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  • Sinus Infection - Viral

    A viral infection of the sinuses. A normal part of the common cold

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  • Sinus Pain or Congestion - Symptom

    Fullness, pressure or pain on the face over a sinus. Sinus pain occurs above the eyebrow, behind the eye, and under the cheekbone.

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  • Sleep - Confusional Arousals

    Confusional arousal is a partial wake-up in which children sit up in bed and talk, but usually don’t make much sense. They act confused and can’t be fully awakened. Peak age is 1 to 6 years.

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  • Sleep - Early Morning Riser

    Children who wake up early before their parents do, usually between 5 and 6 AM. They come out of their bedroom and want everyone to get up. Early morning risers are not waking early on purpose. They are no longer tired. They’ve been put to bed too early the night before.

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  • Sleep - Nightmares

    Nightmares are scary dreams that wake a child from sleep. Occasional bad dreams are normal at all ages.

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  • Sleep Problem from Feeding Until Asleep

    A baby over 6 months old who can’t sleep through the night (at least 7 straight hours). Wakes up and cries one or more times a night to be fed.

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  • Sleep Problem from Holding Until Asleep

    A baby over 6 months old who can’t sleep through the night (at least 7 straight hours). Wakes up and cries one or more times a night to be held.

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  • Sleep Problems - Prevention

    Good sleep habits don’t just happen. You need to have a plan. It’s far easier to prevent sleep problems than it is to treat them later.

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  • Sleep Talking

    Sleep talking is a partial wake-up in which children talk in their sleep. They act confused and can’t be fully awakened, but are usually calm.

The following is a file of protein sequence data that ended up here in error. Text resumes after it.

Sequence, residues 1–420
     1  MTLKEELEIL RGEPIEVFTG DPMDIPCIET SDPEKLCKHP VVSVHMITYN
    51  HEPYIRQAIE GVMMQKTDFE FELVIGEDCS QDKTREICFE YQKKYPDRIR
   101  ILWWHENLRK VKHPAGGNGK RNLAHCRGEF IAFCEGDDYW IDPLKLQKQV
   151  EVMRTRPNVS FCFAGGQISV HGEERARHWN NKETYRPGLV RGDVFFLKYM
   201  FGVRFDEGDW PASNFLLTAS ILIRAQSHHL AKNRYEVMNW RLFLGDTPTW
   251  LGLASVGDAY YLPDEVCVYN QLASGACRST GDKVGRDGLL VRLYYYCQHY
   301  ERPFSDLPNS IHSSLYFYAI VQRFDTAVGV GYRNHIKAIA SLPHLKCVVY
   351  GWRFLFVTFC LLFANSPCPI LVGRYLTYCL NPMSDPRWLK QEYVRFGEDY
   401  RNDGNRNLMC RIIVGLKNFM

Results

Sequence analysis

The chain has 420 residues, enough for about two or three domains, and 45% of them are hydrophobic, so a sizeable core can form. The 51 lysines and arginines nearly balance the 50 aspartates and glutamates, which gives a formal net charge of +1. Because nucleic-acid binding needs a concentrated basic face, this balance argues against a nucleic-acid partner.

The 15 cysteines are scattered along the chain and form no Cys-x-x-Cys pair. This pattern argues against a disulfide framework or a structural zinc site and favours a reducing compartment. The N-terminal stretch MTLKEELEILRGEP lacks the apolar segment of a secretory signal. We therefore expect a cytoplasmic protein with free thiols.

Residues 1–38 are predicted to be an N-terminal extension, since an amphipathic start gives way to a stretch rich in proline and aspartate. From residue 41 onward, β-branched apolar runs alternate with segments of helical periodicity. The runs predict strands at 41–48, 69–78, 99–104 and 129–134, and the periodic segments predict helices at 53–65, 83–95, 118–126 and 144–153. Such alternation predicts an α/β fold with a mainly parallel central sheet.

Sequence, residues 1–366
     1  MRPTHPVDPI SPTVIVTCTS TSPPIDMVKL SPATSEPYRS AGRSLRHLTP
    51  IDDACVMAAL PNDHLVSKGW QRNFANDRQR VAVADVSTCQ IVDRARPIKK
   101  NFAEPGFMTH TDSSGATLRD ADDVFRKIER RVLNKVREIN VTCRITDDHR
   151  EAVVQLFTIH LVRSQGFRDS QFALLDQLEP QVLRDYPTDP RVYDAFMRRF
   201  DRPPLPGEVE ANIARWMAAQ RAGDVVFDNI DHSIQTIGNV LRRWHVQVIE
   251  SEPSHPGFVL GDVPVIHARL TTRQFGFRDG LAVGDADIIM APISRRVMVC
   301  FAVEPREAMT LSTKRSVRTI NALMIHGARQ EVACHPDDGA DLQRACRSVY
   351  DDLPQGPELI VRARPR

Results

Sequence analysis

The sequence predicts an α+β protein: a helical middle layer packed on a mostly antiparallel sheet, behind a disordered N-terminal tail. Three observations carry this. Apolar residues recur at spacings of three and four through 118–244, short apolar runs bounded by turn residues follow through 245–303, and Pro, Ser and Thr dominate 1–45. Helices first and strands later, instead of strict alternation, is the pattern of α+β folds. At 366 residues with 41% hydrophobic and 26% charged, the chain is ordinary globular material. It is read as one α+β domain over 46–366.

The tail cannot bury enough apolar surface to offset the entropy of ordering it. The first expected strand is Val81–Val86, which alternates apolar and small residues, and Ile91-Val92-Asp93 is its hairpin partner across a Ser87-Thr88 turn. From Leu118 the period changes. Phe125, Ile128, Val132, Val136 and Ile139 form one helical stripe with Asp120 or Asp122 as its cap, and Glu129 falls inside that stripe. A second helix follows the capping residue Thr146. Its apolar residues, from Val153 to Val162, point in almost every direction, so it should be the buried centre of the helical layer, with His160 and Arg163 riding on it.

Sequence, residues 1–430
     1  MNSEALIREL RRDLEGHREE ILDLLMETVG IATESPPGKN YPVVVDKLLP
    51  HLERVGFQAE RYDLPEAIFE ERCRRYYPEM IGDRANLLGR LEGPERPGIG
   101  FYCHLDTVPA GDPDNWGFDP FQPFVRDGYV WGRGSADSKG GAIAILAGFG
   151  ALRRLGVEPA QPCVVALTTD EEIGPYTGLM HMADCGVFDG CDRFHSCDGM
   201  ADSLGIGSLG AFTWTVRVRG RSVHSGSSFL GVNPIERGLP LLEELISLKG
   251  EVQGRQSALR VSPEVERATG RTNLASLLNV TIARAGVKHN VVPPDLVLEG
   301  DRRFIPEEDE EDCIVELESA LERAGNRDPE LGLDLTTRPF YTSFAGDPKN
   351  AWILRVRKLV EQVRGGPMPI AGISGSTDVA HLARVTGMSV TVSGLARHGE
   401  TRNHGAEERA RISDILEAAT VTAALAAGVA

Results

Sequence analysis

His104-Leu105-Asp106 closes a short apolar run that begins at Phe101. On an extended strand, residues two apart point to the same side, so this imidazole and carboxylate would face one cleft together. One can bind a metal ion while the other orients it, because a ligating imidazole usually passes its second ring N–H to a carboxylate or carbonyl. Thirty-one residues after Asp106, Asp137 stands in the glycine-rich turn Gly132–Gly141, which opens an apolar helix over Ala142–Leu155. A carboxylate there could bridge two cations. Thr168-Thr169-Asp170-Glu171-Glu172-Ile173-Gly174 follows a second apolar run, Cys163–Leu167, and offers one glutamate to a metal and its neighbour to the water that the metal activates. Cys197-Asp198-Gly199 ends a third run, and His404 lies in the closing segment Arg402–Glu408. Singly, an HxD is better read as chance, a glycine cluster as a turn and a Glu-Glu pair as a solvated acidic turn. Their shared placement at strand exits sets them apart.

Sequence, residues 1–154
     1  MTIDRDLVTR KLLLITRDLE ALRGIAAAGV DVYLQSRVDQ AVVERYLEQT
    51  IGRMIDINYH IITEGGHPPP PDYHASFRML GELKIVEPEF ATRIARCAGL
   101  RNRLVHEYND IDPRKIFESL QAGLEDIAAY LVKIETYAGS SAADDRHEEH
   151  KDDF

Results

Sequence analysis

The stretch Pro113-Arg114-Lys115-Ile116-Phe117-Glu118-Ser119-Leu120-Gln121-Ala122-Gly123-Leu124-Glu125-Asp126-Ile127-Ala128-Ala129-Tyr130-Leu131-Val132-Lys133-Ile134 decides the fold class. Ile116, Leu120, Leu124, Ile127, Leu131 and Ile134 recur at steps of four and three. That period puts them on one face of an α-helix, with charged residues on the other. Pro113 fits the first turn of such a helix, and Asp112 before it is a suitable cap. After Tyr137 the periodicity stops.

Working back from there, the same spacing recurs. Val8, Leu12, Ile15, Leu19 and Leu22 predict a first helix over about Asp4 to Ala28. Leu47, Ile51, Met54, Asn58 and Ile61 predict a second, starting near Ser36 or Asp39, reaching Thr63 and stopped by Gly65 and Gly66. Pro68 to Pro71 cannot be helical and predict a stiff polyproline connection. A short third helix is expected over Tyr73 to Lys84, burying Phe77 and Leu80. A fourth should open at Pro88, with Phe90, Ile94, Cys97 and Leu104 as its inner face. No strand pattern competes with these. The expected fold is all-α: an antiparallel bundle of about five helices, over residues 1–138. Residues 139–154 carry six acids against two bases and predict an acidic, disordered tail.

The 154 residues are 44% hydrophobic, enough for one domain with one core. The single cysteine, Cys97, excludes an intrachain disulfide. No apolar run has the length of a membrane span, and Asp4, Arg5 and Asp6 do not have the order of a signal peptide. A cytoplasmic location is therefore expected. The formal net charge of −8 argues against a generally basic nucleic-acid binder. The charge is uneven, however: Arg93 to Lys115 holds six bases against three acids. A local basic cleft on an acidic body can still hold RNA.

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  • Sleep Terrors

    Sleep terrors are partial wake-ups in which children act terrified. They act confused and can’t be fully awakened.

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  • Sleeping with Parents (Bed-Sharing) - How To End It

    Your child sleeps with you during all or part of the night. You want to stop sharing your bed with your child

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  • Sleeping with Parents (Bed-Sharing) - Pros and Cons

    Sharing the bed with your child. Bed-sharing should be avoided during the first year of life. Reason: Safe sleep.

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  • Sleepwalking

    Sleepwalking is a partial wake-up in which children walk in their sleep. They act confused and can’t be fully awakened, but are usually calm.

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  • Soft Spot in Babies - Normal

    The soft spot is a diamond shaped area on the top of the head. The medical name for this non-bony spot is the anterior fontanel. There’s another much smaller fontanel in back. It may be harder to find.

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  • Solid Foods (Baby Foods)